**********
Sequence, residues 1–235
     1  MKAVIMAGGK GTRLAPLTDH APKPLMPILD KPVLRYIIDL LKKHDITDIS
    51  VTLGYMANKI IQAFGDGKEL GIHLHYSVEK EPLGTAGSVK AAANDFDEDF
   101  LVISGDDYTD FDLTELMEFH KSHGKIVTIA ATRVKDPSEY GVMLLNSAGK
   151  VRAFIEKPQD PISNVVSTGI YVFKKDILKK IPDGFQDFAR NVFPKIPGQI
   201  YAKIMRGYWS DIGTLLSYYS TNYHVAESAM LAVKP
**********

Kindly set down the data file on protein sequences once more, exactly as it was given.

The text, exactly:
Sequence, residues 1–235
     1  MKAVIMAGGK GTRLAPLTDH APKPLMPILD KPVLRYIIDL LKKHDITDIS
    51  VTLGYMANKI IQAFGDGKEL GIHLHYSVEK EPLGTAGSVK AAANDFDEDF
   101  LVISGDDYTD FDLTELMEFH KSHGKIVTIA ATRVKDPSEY GVMLLNSAGK
   151  VRAFIEKPQD PISNVVSTGI YVFKKDILKK IPDGFQDFAR NVFPKIPGQI
   201  YAKIMRGYWS DIGTLLSYYS TNYHVAESAM LAVKP